Someday I hope we can be friends again. I hope you’ll understand, Target, if I take a break for a while.


Tuesday, January 28, 2014

Weather talk Chiberia style

Daddy: You're taking the dog out for a break?

Mommy:  Yes. As soon as I bundle up.

Daddy:  Let me check the temperature. Oh, it's zero now. We might get to 5 or so today.

Mommy:  I didn't think it was supposed to get that warm.

Daddy: It's already zero so we could get there.

Monday, January 27, 2014

Welcome back to Chiberia

The first two days the girls were supposed to be back in school after Winter Break we had wind chill temperatures about -50 degrees. Nope, that's not a typo. Our high never reached zero degrees those days. It was dubbed Chibera (Chicago + Siberia). Ironically, Siberia was a good 30 degrees warmer than Chicago during Chiberia.

We spent the two days bunkered in the house. The only time we went out was when Holly needed a bathroom break. In fact, Holly only went out for a bathroom break. Like good dog parents, we bundled up every day to take her on her usual walk. Holly would go a few houses down the block, do her business and turn around to come home. It was like she wanted to say, "Thanks, but I'd rather be in the house."

Daddy was able to work form home during Chiberia. His company sent an email saying people should work from home if possible. Given all the public transportation problems from train track switching freezing to train doors freezing open at stops, working from home was the right call. I'm not blaming the public transportation operators. It was brutally cold. They all did the best they could under the circumstance.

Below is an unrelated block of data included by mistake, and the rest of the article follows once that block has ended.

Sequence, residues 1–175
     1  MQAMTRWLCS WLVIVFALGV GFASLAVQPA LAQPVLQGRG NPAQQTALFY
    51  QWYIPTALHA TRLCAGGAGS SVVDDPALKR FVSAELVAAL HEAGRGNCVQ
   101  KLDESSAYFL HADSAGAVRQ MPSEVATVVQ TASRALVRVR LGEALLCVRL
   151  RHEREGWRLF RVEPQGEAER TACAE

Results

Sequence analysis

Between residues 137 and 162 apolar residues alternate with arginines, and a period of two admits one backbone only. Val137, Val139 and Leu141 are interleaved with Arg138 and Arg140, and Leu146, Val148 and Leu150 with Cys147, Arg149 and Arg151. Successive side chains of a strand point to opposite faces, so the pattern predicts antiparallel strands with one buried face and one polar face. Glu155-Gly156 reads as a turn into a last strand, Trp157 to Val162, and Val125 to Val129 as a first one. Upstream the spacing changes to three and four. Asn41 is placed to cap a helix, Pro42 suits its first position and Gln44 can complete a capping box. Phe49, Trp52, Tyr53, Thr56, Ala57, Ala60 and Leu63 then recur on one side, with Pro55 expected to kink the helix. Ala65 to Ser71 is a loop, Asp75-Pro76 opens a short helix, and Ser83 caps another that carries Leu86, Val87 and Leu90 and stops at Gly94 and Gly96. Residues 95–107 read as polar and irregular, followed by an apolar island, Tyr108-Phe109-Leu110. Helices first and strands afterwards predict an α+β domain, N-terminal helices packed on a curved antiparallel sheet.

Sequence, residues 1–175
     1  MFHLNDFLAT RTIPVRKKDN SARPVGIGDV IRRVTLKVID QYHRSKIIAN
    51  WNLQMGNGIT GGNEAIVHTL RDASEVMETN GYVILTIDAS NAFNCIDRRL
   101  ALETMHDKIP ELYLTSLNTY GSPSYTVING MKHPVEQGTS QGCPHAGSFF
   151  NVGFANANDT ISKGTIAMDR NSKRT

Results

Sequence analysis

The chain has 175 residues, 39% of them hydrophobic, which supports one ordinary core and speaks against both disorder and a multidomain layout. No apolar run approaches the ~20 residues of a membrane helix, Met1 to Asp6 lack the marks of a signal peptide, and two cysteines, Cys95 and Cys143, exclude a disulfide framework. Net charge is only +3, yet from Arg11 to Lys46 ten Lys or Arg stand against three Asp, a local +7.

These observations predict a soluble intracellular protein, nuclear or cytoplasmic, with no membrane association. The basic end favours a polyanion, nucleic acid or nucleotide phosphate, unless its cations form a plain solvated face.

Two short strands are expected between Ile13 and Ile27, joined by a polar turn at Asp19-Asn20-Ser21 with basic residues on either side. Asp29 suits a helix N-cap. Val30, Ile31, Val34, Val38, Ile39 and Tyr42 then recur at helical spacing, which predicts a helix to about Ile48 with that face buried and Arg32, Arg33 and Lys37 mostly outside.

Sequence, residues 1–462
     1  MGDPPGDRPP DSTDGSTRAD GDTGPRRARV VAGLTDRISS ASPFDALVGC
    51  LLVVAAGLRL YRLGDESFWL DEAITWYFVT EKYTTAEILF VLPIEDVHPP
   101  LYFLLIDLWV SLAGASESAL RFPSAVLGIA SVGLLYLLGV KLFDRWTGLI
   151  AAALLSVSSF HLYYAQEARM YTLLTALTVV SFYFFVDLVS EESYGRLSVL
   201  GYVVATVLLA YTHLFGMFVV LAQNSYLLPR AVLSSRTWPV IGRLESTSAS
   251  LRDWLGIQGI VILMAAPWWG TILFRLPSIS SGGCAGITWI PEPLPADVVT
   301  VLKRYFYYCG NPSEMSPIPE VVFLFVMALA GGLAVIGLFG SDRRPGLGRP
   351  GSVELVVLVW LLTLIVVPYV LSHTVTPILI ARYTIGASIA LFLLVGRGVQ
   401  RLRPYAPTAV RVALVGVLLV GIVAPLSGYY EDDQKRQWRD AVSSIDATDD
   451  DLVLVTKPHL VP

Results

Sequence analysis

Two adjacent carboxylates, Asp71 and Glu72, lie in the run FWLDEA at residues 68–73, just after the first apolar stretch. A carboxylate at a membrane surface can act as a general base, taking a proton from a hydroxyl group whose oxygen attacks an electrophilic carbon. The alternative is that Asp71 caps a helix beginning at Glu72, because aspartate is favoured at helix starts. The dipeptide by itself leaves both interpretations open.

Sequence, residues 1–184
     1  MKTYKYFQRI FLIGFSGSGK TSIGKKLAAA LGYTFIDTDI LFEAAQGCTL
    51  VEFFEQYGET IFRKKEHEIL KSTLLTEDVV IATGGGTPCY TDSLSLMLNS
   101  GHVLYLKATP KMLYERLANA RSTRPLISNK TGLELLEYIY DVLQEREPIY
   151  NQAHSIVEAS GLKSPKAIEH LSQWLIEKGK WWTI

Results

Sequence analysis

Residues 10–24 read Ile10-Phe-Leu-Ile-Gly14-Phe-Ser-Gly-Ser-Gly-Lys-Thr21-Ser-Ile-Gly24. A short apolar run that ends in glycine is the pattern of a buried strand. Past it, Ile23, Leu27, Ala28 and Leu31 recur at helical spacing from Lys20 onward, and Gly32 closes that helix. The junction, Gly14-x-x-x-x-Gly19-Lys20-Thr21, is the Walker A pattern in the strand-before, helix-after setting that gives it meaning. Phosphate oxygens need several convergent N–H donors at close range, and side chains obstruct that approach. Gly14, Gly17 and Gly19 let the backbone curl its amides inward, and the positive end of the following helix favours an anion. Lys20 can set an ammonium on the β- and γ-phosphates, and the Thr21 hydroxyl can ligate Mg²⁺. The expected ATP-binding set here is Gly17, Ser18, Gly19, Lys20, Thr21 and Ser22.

Now we're starting Chibera 2.0. Today and tomorrow are going to be brutally cold again. Before Chiberia 2.0 started the schools announced closings early in the day. The train companies told passengers to expect delays and problems. Cities warned people to stay off the roads due to ice and drifting snow. Everyone was better prepared this time because we just went through the bad weather.

While Chiberia was an adventure, Chiberia 2.0 is not. Once a year we can deal with the bitter cold because it's winter in Chicago. We expect a terrible few days here or there. What we don't want is to deal with the same terrible weather over and over again. We can't do anything about Chiberia 2.0 except hope it's the last one of the season.

Sunday, January 26, 2014

An I told you so moment

Last year we really questioned why the blond twin wasn't in the advanced math. She's clearly more confident with math than the brunette twin. They can both do the work, but the brunette twin is much more hesitant about new concepts. The blond twin loves a challenge so the new concepts were exciting to her.

A couple of days ago we were sitting at dinner when the blond twin said, "There's this math competition coming up soon and Mrs. D. asked if I'd like to do it. She hasn't picked everyone yet, but she's thinking about putting me on the team."